The Chatham Marconi Maritime Center welcomes Capt. Morgan Turrell, Acting Director, National Transportation Safety Board Office of Marine Safety, to its Ed Fouhy Distinguished Speaker Series for a virtual presentation.
At the turn of the 20th century, wireless telegraphy ended the isolation of mariners at sea. Radio communication allowed mariners to receive warnings of bad weather and enabled distressed ships to call for help. This year, Chatham Marconi Maritime Center features “Radio to the Rescue”, a series of fascinating programs and exhibits highlighting the valuable lessons learned from sea disasters, lessons that have long been applied to improve crew safety and save countless lives.
El Faro was a 40-year old United States-flagged cargo ship crewed by U.S. merchant mariners. On September 29, 2015 El Faro departed Jacksonville, Florida, bound for Puerto Rico on her regular supply run with a cargo of 391 shipping containers, 294 trailers and cars, and a crew of 33 people. Two days later, she encountered Category 3 Hurricane Joaquin off the Bahamas, with swells of 20 to 30 feet and winds over 92 mph. Radio contact with the vessel was lost shortly after 7:30 a.m. on October 1. Search and rescue operations were unable to locate the ship or any survivors. On October 5, the vessel was declared lost. On October 7, the U.S. Coast Guard ceased search operations and the National Transportation Safety Board’s work began.
How did a 790-ft. vessel sink with the loss of its entire crew in this era of satellite communication, regular inspections and required safety equipment? Our distinguished speaker, Capt. Morgan Turrell, will explain the process involved in answering that question including how the NTSB, U.S. Coast Guard and other agencies cooperate to investigate and prevent marine disasters. He will also describe the NTSB’s involvement in other recent major maritime incidents.
Capt. Turrell began working at the National Transportation Safety Board in September of 2003 and was named Acting Director, Office of Marine Safety in March 2020. Previously he served as Deputy Director, Chief of Investigations, and Senior Marine Accident Investigator. He is responsible for the investigations of and report development for Major Marine Casualties in the United States, or on U.S. vessels worldwide. He led the agency’s investigation of the El Faro sinking, including the retrieval of its voyage data recorder. Capt. Turrell previously worked for Princess Cruises where he was Vice President of Marine Investigations. After graduating from the United States Merchant Marine Academy in 1987, he served as a licensed deck officer aboard a variety of commercial vessels including tankers, container ships, roll-on/roll-off, and bulk carriers. Capt. Turrell was Project Manager at the University of Washington’s School of Oceanography and Master of its research vessel, earned an MBA from Pepperdine University, and is licensed by the United States Coast Guard as Master of ocean vessels of any gross tons.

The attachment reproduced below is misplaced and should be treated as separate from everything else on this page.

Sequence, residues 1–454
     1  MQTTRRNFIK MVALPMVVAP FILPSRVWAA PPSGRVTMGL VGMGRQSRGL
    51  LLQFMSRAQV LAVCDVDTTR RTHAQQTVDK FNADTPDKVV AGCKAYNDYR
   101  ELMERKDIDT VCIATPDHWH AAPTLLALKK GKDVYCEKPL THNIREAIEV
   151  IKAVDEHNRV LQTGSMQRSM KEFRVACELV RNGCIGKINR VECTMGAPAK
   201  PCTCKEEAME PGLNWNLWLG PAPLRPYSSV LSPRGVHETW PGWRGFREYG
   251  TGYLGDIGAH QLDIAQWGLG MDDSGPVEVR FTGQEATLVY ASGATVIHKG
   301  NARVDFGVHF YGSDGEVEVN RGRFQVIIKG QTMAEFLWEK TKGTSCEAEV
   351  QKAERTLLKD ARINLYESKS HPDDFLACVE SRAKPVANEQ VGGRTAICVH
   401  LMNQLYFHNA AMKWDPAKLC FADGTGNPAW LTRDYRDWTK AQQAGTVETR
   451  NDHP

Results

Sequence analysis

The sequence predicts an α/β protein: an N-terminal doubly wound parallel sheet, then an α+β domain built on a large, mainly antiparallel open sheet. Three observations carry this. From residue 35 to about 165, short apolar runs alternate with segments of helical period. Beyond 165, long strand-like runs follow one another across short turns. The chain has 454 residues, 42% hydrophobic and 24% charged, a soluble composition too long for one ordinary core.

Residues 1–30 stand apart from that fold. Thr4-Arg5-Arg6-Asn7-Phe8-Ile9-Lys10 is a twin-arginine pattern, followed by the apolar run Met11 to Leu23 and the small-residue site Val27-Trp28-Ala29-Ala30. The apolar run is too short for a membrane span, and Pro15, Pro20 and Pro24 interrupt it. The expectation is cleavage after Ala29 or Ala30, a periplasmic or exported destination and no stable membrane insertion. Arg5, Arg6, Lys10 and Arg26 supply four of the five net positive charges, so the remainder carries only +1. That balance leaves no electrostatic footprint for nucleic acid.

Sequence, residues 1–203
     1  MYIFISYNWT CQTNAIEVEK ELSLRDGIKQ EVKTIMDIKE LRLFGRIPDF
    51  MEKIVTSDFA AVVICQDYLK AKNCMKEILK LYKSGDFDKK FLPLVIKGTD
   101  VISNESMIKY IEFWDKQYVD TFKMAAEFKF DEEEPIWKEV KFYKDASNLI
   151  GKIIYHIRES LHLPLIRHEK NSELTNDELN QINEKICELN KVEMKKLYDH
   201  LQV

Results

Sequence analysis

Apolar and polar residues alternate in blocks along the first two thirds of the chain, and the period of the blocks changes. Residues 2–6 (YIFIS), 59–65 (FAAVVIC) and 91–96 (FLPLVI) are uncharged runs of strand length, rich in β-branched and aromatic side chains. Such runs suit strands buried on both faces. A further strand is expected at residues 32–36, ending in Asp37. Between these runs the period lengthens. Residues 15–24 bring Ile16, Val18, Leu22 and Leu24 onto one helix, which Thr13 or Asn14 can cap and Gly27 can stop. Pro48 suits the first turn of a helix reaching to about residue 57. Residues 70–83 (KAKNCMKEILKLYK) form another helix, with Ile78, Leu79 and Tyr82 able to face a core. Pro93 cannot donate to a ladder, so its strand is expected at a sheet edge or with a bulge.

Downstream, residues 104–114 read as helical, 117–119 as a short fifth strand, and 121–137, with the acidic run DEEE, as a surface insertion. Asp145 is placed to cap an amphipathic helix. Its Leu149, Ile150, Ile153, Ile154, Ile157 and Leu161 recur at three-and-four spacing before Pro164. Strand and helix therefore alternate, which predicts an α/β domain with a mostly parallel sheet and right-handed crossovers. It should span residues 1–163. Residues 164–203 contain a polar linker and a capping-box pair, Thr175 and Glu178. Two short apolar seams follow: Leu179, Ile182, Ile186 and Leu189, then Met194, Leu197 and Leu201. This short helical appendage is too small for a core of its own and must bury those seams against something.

Those interested in this topic may wish to view a video summation of the NTSB’s accident report on the El Faro tragedy appended below.
About the Ed Fouhy Distinguished Speaker Series
The Ed Fouhy Distinguished Speaker Series engages the community in exploring significant and thought-provoking topics. As a communications professional, Edward M. Fouhy brought the world and its stories to the American public. For Chatham Marconi’s Marconi-RCA Wireless Museum, Ed wrote and produced two videos explaining the importance of wireless radio communications to the rescue of RMS Titanic survivors and the outcome of the Battle of the Atlantic during WWII. The Ed Fouhy Distinguished Speaker Series has been established as a limited schedule of special presentations designed to promote knowledge and understanding of history and world events, with a special focus on the science and development of communications technology and its profound effect on our lives.
[ Photo credits - Header photo: Cargo Vessel El Faro. Photo courtesy Capt. William Hoey via NTSB. Second photo: Artist’s rendering of El Faro at final rest on the ocean floor. Courtesy NTSB.
Video credit: NTSB. ]